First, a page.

Five years ago, at events like the Austin Photo Expo, we would have seen lots and lots of manufacturers showing off their electronic strobe systems.  Their monolights and traditional pack and head systems.  We would also have seen lots of booths offering a wide array of softboxes and umbrellas.  Most of that was gone this year.  In their place were endless Speedlight modifiers and attachments. There were more compact florescent fixtures than monolights and everywhere I looked people were figuring out how to use small cameras with smaller lights.

Austin is trend forward.  The Walmarts and Costcos and Best Buys will probably still sell millions of Rebels with kit lenses and Nikons with kit lenses.  But the tsunami is building from here.  And in cool towns all over the world.  And the trend is smaller, faster, more fluid, more liquid, more automation, more stealthiness.  It's cameras you can carry without burden to match a direction that implies that your camera will go with you everywhere and create mini-masterpiece series instead of one masterpiece at a time.  It's a brain shift.  And I understand it.  The days of carrying your Canon 1DS mk3 to the coffee shop are as over as carrying in your CB radio.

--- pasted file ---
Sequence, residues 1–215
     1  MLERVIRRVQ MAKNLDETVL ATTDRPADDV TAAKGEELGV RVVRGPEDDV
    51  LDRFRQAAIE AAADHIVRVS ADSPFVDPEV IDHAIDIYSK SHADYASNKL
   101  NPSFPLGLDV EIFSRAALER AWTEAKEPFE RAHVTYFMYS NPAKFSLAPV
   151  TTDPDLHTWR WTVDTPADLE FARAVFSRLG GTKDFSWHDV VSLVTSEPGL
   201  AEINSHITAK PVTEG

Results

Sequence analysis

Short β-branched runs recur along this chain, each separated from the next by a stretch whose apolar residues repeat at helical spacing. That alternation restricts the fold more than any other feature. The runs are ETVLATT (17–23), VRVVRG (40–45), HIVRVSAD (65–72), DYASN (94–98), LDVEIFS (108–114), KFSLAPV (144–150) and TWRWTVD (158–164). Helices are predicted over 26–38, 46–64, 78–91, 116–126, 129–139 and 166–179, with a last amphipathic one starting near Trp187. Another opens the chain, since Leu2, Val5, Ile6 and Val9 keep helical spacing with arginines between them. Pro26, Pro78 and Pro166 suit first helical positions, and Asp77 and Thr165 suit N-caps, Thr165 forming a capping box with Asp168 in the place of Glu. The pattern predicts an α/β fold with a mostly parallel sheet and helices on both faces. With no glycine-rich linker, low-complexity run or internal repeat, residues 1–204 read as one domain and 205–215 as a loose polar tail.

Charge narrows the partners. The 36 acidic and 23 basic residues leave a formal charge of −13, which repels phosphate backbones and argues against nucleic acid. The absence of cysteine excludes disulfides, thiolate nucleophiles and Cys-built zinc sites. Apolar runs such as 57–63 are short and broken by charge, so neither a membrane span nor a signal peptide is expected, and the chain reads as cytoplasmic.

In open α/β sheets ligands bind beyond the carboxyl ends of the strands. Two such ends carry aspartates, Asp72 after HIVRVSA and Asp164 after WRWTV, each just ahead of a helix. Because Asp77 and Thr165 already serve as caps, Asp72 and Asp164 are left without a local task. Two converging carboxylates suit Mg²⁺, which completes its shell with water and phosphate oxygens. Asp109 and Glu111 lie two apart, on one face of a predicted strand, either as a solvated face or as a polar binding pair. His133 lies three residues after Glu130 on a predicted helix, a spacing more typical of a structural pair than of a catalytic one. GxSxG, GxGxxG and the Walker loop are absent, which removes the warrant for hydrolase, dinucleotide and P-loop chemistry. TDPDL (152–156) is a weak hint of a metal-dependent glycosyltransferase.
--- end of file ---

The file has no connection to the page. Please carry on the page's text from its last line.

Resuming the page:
If you are waiting for the cycle to return and big cameras and static images to be back in style you need to start thinking of evolution as three dimensional spirals instead of two dimensional circles.

Added this morning (Monday Nov. 14):  For another version of Amy, by atmtx try this link:


Ah. The friendly advice. How to improve my blog....